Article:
Nabeel Gabol, a PPP leader, said: "If the major political party believes that he is the most talented person, then he is the most eligible person for this post.

"Now it depends on him, whether he himself becomes [president] or nominates someone else".

Shaky coalition

The nomination could, however, further destabilise Pakistan's fragile ruling coalition.

The government is struggling to tackle economic problems in the country, unrest in the tribal areas and the growing strength of armed pro-Taliban groups.

"We have asked [the PPP] to tell us by Saturday night whether or not judges can be restored on Monday or not"

Nawaz Sharif, leader of the PML-N

Nominating Zaradari also became mired in wrangling over the issue of the deposed judges.

Sharif, a two-time former prime minister whom polls suggest is Pakistan's most popular politician, has repeatedly threatened to go into opposition if the judges are not restored quickly.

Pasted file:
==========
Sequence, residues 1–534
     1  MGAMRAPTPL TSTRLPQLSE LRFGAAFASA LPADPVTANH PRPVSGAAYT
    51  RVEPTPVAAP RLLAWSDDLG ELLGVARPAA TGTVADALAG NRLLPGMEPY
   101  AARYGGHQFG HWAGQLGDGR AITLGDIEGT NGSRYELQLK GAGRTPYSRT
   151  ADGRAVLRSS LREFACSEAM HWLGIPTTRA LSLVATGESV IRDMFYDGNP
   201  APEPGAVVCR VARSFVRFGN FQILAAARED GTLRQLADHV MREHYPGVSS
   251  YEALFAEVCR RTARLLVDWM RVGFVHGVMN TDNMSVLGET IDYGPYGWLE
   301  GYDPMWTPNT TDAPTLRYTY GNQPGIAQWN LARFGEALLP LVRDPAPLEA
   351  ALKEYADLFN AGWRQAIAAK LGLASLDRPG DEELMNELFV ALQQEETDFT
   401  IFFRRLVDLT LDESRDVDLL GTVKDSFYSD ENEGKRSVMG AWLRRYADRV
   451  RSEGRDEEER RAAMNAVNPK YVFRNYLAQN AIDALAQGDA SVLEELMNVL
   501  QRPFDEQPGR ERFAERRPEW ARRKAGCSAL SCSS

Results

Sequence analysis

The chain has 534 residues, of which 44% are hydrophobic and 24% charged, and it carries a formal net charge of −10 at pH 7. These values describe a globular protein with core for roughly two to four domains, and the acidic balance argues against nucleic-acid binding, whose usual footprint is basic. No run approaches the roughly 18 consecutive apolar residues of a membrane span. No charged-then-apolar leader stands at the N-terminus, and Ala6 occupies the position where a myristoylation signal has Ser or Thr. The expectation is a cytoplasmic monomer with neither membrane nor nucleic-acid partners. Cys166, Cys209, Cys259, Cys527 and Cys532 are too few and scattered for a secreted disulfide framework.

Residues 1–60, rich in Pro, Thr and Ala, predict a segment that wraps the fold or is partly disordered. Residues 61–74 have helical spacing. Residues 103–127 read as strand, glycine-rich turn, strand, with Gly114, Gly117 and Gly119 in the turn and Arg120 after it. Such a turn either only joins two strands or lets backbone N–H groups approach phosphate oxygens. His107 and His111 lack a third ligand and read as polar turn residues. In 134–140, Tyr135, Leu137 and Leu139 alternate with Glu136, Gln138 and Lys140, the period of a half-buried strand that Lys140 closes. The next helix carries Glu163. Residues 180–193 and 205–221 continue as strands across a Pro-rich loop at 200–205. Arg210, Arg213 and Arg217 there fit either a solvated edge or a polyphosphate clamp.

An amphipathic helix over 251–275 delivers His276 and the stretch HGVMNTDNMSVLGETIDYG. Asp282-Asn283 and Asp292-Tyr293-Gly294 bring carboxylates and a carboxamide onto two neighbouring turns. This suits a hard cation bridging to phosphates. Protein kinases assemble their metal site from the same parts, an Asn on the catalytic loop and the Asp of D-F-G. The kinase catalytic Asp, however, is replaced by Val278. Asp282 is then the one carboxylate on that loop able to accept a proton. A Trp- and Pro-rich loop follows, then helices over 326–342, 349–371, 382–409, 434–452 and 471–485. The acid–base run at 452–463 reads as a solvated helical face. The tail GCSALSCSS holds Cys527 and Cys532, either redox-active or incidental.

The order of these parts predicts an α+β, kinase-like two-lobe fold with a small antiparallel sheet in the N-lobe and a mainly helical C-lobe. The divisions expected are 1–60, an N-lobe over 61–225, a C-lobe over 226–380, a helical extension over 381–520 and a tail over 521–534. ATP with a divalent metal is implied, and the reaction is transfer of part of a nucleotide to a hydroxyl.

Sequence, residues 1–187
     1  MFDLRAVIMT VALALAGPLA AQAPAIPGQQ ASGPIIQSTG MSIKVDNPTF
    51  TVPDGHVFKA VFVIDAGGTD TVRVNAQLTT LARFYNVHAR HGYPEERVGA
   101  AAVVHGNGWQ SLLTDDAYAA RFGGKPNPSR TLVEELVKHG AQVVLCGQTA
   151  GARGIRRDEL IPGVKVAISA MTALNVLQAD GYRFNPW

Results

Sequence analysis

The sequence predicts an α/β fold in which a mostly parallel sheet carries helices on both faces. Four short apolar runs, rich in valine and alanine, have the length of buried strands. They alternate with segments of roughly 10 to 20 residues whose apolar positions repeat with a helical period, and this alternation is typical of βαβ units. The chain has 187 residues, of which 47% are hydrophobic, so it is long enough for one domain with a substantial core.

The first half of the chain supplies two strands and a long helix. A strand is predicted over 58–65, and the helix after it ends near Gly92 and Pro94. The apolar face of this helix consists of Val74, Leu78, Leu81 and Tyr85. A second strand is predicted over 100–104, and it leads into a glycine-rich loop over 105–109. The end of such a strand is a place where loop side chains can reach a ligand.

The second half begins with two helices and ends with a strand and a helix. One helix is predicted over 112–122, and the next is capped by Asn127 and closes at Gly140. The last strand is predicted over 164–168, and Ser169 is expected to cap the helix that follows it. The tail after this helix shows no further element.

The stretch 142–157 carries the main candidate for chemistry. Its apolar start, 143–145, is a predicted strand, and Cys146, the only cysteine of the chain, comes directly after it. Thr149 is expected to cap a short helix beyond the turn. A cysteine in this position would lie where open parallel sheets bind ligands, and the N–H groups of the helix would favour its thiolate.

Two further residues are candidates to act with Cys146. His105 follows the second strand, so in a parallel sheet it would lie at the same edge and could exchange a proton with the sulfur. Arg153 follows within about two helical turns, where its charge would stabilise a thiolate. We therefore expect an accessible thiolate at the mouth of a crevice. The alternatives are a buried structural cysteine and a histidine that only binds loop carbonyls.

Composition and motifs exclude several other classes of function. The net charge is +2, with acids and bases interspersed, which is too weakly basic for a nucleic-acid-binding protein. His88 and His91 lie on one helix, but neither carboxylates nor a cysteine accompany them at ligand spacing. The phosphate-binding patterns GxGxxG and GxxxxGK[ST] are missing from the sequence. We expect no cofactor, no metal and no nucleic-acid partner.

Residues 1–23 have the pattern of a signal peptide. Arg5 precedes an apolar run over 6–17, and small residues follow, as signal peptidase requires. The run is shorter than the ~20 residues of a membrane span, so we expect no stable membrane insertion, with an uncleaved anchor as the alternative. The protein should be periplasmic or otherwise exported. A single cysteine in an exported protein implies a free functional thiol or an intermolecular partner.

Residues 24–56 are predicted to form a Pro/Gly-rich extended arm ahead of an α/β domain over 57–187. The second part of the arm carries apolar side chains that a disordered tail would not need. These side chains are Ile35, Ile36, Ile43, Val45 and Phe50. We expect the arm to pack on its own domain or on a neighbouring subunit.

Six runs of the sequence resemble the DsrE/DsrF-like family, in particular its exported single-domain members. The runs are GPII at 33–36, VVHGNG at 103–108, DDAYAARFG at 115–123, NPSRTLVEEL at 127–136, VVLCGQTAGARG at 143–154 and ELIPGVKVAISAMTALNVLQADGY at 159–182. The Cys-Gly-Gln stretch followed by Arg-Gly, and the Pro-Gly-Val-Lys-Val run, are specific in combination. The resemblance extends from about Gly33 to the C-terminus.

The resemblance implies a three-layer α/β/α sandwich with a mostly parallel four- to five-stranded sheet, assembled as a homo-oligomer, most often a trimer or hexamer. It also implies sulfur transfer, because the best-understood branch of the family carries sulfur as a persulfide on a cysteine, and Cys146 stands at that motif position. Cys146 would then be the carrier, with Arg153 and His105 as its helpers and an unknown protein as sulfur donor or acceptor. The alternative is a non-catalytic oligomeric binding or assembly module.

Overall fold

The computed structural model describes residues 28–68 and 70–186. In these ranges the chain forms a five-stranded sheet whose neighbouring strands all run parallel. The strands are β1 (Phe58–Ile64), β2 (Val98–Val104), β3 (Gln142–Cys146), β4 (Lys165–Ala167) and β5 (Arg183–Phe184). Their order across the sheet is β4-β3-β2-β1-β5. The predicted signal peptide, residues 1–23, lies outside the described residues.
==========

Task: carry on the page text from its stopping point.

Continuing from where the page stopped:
Speaking on Saturday after a PPP delegation approached him to support Zardari, he said: "It had been agreed that when Musharraf would resign or get impeached, judges were to be reinstated automatically within 24 hours.

"We have asked them to tell us by Saturday night whether or not judges can be restored on Monday or not."

Pakistan's election commission announced that date of the presidential election on Friday, just four days after Musharraf resigned the office.

Kanwar Dilshad, the election commission secretary, said nomination papers for the presidency can be filed from August 26, with the final date for any withdrawals on August 30.

Under Pakistan's constitution, a president is elected by members of the country's four provincial assemblies and the national parliament within 30 days of the post becoming vacant.